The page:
The Supreme Court also stressed that Section 1301 of the TCCP imposes a definite burden on persons authorized by law to make the import entry and held that the statements under oath contained therein constitutes prima facie evidence of the importer's knowledge and consent of violations of the provisions of the TCCP when the importation was found to be unlawful. In this case, the Corporate Secretary's active part in the fraud was shown by her signature in the IEIRD containing the fraudulent information as Kingson's attorney-in-fact under the declaration that she "certify[ies] that the information contained in all pages of this Declaration and the documents submitted are to the best of our knowledge and belief are true and correct."
As regards the President, Vice-President, and Treasurer of Kingson, the Supreme Court ruled that there was circumstantial evidence to prove that these corporate officers, who are also the incorporators, board members, and stockholders of Kingson, undoubtedly knew of the importation of steel from China. First, their denial of the alleged fraud, insisting that Kingson's declarations were merely based on the documents provided by the foreign shipper, is pregnant with an admission, i.e., that they were personally aware of the details of the shipment and the contents of the submitted importation documents. Second, the Corporate Secretary testified that when the defect in the documents was discovered, the corporate officers of Kingson had a meeting to rectify the same and an addendum was executed to correct the error. And finally, the corporate officers failed to rebut the fact that they assented or even permitted the falsification to happen, not only of the documents appended to the IEIRD, but also of the falsified chemical analysis in a bid to secure a lower tariff classification rate.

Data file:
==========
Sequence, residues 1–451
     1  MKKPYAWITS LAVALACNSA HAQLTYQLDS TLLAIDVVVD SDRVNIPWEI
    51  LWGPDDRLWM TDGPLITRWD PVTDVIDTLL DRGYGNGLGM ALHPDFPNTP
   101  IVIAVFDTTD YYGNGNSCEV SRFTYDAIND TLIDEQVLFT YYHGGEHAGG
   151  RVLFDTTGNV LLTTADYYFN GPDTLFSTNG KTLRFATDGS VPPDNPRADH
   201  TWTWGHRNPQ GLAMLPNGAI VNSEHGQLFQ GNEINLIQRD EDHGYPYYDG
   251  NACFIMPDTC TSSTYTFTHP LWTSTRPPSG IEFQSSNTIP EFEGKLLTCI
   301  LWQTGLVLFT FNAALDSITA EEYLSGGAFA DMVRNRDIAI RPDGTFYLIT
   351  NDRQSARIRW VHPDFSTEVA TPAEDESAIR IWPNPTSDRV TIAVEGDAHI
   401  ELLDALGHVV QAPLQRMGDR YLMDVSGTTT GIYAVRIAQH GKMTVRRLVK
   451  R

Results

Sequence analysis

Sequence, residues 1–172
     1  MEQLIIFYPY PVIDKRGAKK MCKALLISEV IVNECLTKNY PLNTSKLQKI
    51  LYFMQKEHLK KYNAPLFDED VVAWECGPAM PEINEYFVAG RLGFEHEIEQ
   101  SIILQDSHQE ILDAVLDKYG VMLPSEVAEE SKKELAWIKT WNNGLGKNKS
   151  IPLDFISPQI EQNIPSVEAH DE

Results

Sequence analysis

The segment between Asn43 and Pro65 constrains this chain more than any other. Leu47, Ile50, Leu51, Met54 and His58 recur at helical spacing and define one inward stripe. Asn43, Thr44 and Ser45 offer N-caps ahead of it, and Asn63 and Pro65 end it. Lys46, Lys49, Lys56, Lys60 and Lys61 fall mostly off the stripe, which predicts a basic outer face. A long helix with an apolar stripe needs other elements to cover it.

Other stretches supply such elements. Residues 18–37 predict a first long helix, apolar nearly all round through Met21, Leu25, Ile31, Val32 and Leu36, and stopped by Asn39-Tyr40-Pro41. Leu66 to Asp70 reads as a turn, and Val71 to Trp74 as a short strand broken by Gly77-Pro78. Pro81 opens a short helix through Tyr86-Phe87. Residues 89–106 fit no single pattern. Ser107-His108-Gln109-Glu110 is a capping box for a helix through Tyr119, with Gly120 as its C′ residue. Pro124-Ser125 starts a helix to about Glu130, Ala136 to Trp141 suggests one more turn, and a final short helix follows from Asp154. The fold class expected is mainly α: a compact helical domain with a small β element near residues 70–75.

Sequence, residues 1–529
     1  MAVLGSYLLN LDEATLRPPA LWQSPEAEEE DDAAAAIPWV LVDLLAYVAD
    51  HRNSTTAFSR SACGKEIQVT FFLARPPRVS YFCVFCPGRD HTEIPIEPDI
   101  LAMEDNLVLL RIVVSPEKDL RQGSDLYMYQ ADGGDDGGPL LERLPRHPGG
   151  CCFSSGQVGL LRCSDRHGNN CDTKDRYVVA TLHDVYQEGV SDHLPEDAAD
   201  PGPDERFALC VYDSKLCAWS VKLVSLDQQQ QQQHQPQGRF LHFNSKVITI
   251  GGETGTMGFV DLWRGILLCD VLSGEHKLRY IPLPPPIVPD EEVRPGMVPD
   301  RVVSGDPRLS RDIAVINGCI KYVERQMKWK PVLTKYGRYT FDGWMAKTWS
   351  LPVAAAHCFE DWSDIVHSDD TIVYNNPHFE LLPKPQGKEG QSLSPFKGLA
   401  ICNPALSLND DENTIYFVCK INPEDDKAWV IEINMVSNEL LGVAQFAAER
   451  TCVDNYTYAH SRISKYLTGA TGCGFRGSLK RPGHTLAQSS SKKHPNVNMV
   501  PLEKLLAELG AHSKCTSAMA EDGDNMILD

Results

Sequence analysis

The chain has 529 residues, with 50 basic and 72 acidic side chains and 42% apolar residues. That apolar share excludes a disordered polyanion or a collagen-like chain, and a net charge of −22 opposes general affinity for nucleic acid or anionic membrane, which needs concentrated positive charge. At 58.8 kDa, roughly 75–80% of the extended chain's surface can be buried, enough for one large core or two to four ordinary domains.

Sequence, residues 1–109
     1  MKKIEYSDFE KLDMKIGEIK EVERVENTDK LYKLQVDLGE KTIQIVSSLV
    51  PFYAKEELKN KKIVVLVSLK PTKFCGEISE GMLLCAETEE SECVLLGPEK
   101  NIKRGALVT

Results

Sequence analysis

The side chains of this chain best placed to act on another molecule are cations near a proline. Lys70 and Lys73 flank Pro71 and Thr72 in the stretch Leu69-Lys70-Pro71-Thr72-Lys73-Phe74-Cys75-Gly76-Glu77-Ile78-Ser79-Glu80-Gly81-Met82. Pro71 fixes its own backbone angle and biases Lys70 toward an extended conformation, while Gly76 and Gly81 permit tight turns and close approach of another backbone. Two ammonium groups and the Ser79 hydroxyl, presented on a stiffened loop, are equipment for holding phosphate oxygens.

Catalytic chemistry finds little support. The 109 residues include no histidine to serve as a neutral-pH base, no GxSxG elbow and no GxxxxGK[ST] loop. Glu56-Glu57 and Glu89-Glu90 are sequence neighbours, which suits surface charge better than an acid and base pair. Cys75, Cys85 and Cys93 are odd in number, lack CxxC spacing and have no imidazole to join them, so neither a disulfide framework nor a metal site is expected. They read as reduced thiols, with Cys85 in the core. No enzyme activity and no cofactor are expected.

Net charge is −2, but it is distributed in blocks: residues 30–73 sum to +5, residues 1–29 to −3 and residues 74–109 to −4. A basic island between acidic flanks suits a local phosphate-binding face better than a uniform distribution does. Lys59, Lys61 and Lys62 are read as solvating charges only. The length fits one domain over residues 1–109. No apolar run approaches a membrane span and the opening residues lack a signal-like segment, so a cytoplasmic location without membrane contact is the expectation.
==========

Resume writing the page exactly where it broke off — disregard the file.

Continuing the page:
2. Can news articles be a valid basis of a tax assessment?
No. In Spouses Pacquiao v. Commissioner of Internal Revenue (CTA Case No. 8683, September 29, 2022), the CTA Special Third Division cancelled the deficiency income tax assessment against the taxpayers for lack of sufficient basis because news articles are "hearsay evidence, twice removed, and are thus without any probative value."
In this case, the income of spouses Emmanuel D. Pacquiao (Pacquiao) and Jinkee J. Pacquiao were sourced from the United States of America (US) and the Philippines. Their USsourced income was derived from Pacquiao's boxing matches and the related pay-per-view shares and closed-circuit sales. Their Philippine-sourced income consisted of talent fees for product endorsements, advertising commercials, and television appearances. The spouses were assessed deficiency income tax for taxable years 2008 and 2009 amounting to PhP2,261,217,439.92, which they assailed by filing a petition for review with the CTA.
The tax assessment was based principally on news articles discussing the boxing purse of Pacquiao or the pre-agreed amount of money he will receive for completing a fight, and the related pay per view hits for each fight. In setting aside the tax assessment, the CTA ruled that the news articles cannot provide valid support for a tax assessment because their authors have no personal knowledge on the transactions involved. Also, no other evidence corroborated the information contained in the news articles. Finally, it was not shown that the revenue officers conducted due diligence to confirm the veracity of the news articles.